How to Make the Most of Your Sabbatical

Lexa Pennington's picture

Teaching is hard work—physically, intellectually, emotionally. In the past, when teachers had the opportunity to earn tenure, many educational institutions permitted their teachers to take sabbaticals, which are extended break periods during which teachers could rest, reflect and otherwise recuperate from their difficult work. If you feel that you are on the verge of burnout, you might award yourself your own sabbatical, giving yourself several months or perhaps years away from the classroom.

Of course, the purpose of a sabbatical should always be to return to the classroom better than ever to ensure that your students have the best teacher in you. To that end, here are a few productive ways you might spend your sabbatical in ways that help you improve your mind, body and spirit.

How to Make the Most of Your Sabbatical

Expand Your Worldview

Students often have frustratingly narrow points of view that limits their capacity to learn new subjects. Unfortunately, teachers also sometimes suffer from restricted perspectives, which negatively impact their ability to instruct students of different backgrounds or in different topics. If you haven’t spent much time outside of your regional bubble, you might dedicate a significant portion of your sabbatical to seeing the rest of the world.

Traveling to different corners of the map will put you in contact with people and cultures apart from your own. You might try to find accommodation in group living houses, like hostels, where you can get to know fellow travelers and locals on a deeper level. As you gain more experiences beyond the familiar, you can gain greater understanding and empathy for others, which you can apply to success in the classroom.

Another way to expand your worldview besides travel is through volunteer work. In volunteering with local causes, you can learn more about the struggles of people in your own community and work to improve conditions in your own backyard. You might volunteer for a wide variety of organizations and events, and as you do, you should go out of your way to get to know the people you encounter. Not only will you be able to expand your perspective of your community, but you may have a significant impact on people in need.

Enhance Your Credentials

By no means did progress stop the moment you graduated with your bachelor’s degree in education. In the years since you last stepped foot in a classroom as a student, great advancements have been made—in understanding how people learn, in developing strategies for teaching different material, in organizing teaching materials and so much more. You might devote some or all of your sabbatical to enhancing your knowledge and skill in teaching by returning to school to pursue an advanced degree in education.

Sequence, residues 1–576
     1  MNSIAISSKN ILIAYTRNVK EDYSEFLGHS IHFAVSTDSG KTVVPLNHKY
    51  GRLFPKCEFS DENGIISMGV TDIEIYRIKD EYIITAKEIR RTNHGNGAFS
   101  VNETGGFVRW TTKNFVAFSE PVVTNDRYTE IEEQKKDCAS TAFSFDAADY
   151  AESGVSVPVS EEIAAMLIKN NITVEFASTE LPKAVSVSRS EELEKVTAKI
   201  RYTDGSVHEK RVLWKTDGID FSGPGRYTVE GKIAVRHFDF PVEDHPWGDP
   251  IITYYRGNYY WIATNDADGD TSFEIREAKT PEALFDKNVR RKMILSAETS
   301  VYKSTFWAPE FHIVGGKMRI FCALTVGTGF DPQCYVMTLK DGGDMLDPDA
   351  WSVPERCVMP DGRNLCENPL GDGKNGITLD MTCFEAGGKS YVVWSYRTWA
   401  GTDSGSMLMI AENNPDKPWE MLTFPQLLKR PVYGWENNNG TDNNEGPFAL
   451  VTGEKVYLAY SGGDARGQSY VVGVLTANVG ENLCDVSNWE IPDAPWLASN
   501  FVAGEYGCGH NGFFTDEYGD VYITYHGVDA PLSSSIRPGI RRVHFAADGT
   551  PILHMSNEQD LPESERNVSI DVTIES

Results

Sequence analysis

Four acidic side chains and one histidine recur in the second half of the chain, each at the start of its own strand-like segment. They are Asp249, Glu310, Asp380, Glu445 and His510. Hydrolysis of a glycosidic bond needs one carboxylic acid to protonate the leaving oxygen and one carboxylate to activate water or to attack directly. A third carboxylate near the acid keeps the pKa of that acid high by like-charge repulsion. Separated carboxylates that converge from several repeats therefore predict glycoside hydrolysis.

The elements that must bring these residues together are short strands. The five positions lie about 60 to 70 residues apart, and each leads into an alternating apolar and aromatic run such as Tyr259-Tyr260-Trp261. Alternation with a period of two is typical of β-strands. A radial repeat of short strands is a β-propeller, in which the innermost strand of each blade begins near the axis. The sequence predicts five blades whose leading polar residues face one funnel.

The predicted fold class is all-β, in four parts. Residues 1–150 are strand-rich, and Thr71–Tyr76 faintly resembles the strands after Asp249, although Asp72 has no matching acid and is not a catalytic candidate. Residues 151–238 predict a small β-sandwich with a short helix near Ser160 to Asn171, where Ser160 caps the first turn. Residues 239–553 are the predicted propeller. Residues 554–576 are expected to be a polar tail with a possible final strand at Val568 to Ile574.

Then again, if a graduate degree in education doesn’t appeal to you, you can find all manner of UAGC online master’s programs to complete during your time away from work. You might consider education leadership if you are looking to pivot into school administration, library sciences if you care to focus on collections of knowledge or any other subject that you feel passionate about crafting a career around.

Explore Other Educational Institutions

Not all schools operate the same way, and certainly different teachers have different methods of managing their work. If you are looking for information as well as inspiration in your teaching career, you might spend some time exploring how other educational institutions and educators function.

To start, you might ask to shadow some highly acclaimed teachers in your area for a week to get a sense of how they conduct their classrooms. If you come to respect one educator in particular, you might ask if they have time to mentor you, as mentor relationships offer dozens of benefits from job satisfaction to earning increases.

If there is a particular educational institution you are curious about, like an EdTech company or an education consulting firm, you might inquire about internship opportunities. You can get a good sense of a company’s culture with even a short stint as an intern, which might help you make difficult career decisions once your sabbatical ends.


A sabbatical is an exciting opportunity to do for yourself what you usually lack time for during your regular working life. If you use your sabbatical wisely, you can return to work better than ever — which is what both you and your students deserve. 

How to Make the Most of Your Sabbatical